Affairs and Infidelity

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Discovering that your partner has had or is having an affair can be traumatic and confusing. You may have had or be having an affair and feel confused and anxious. Both of you may be unclear as to whether this means the end of your relationship, or whether it is possible for your relationship to recover from infidelity.

Infidelity need not mean the end of your relationship but to be able to recover as a couple you will need to:-

  •  understand why it happened
  •  work together in rebuilding trust
  •  develop skills for how to navigate and negotiate conflict as a couple

What is and isn't infidelity?

What is and isn't infidelity is a personal decision which partners may have different views on. Fundamentally infidelity is a breakdown of boundaries and trust around behaviour. It may involve a third person and/or online activity. Typically infidelity is thought of as non-platonic physical contact or communication, and/or having sex with a third person. However a breakdown of trust in a couple relationship arising from 'inappropriate' communication with a third person, or online interactions can be just as difficult for a relationship.

You and your partner may have different ideas around what is and isn't acceptable behaviour with other people face to face, or via email or social media. Use of pornography with or without the other partner knowing may also casue tensions.

Couple counsellling can help a couple to understand each others feelings and issues around trust and fidelity in their relationship.

Talking about infidelity

Talking about infidelity can be confusing and difficult. There are likely to be many different and conflicting feelings for both partners. Trying to cope with the aftermath and impact of infidelity on your relationship can be uncomfortable and challenging. However if you are able to find a way to make sense of the here and now, alongside how and why infidelity has happened in your relationship, you may be able to find ways of improving and strengthening your relationship. Talking about infidelity and your relationship should also enable you as a couple to make important decisions from a more informed place such as "What can help us in thinking about whether we separate or try to recover from this?"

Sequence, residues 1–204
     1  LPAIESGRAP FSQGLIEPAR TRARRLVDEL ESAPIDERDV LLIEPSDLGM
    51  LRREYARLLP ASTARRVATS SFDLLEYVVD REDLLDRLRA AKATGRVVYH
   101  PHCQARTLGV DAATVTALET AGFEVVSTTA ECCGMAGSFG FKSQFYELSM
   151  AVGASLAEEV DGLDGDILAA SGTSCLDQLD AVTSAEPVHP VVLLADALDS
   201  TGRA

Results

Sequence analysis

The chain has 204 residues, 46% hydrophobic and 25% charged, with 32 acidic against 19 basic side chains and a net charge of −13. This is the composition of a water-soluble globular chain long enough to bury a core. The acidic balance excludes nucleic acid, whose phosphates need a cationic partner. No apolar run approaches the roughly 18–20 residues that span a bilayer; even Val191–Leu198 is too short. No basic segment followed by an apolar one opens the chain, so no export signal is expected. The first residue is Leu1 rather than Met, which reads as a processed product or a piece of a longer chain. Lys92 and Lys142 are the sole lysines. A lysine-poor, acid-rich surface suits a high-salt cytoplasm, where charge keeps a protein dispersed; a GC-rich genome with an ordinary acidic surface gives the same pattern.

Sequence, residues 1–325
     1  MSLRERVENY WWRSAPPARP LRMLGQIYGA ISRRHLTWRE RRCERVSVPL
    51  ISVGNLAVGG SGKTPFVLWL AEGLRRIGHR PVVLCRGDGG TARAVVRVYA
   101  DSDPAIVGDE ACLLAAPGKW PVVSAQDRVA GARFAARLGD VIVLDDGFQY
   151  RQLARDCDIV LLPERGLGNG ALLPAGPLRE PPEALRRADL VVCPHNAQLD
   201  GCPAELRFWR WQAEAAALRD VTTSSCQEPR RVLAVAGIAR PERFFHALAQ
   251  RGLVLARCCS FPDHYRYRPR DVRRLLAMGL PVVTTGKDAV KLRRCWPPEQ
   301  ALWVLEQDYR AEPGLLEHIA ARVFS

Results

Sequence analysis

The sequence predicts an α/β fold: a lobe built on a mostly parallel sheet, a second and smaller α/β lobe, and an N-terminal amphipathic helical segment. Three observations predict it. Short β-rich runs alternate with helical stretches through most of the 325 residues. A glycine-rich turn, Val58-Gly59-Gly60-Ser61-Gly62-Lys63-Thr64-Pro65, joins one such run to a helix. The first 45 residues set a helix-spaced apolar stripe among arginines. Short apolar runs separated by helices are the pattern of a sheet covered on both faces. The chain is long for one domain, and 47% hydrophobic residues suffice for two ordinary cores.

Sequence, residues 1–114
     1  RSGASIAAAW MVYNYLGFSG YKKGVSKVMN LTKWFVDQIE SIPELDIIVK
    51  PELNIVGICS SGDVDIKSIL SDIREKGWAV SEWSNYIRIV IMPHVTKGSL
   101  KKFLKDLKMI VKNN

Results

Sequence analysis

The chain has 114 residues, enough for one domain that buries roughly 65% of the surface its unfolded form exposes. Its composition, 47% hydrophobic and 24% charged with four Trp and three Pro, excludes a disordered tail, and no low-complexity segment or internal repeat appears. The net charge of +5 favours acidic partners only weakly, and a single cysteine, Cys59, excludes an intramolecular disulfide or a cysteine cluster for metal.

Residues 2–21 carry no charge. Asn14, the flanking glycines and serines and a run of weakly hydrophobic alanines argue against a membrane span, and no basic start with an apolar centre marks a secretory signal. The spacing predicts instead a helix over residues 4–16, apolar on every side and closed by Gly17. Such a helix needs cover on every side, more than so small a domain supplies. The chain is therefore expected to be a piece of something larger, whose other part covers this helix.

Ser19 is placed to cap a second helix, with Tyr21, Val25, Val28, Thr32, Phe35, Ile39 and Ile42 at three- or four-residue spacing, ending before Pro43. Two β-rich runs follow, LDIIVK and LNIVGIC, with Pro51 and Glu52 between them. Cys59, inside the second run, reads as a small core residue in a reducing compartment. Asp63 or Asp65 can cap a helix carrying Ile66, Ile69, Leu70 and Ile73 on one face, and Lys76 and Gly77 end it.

What if one partner hasn't been told?

If you are afraid or uncertain about disclosing secret behaviour/s to your partner, or your partner knows about your infidelity but does not currently want to go to couple counselling a useful first step is to consider individual counselling. Individual counselling should enable you to make sense of what has happened, and what choices you have in going forward.  Individual counselling can also be helpful for a partner who is worried about their partner's behaviour around fidelity if their partner doesn't want to explore couple counselling.

Sometimes behaviour that was previously not disclosed is spoken about for the first time by a partner in couple counselling.  If this happens counselling provides a safe space for this and I will be able to offer guidance and support for how to cope with the imapct of this as a couple.

How couple counselling can help with infidelity

Couple counselling can provide a safe and constructive place for each partner to speak about their feelings, anxieties and confusion arising from infidelity.

I will be able to help you to:-

  • Make sense of the feelings, distress and confusion infidelity has caused for both partners
  • Understand whether there were ways of behaving in your relationship that made it vulnerable to infidelity such as how you manage conflict as a couple,  or how well you communicate your needs, feelings and expectations to each other
  • Agree specifically what needs to happen for you to rebuild trust as a couple
  • Develop more effective ways of managing expectations, tensions and challenges
  • Re-establish your sex life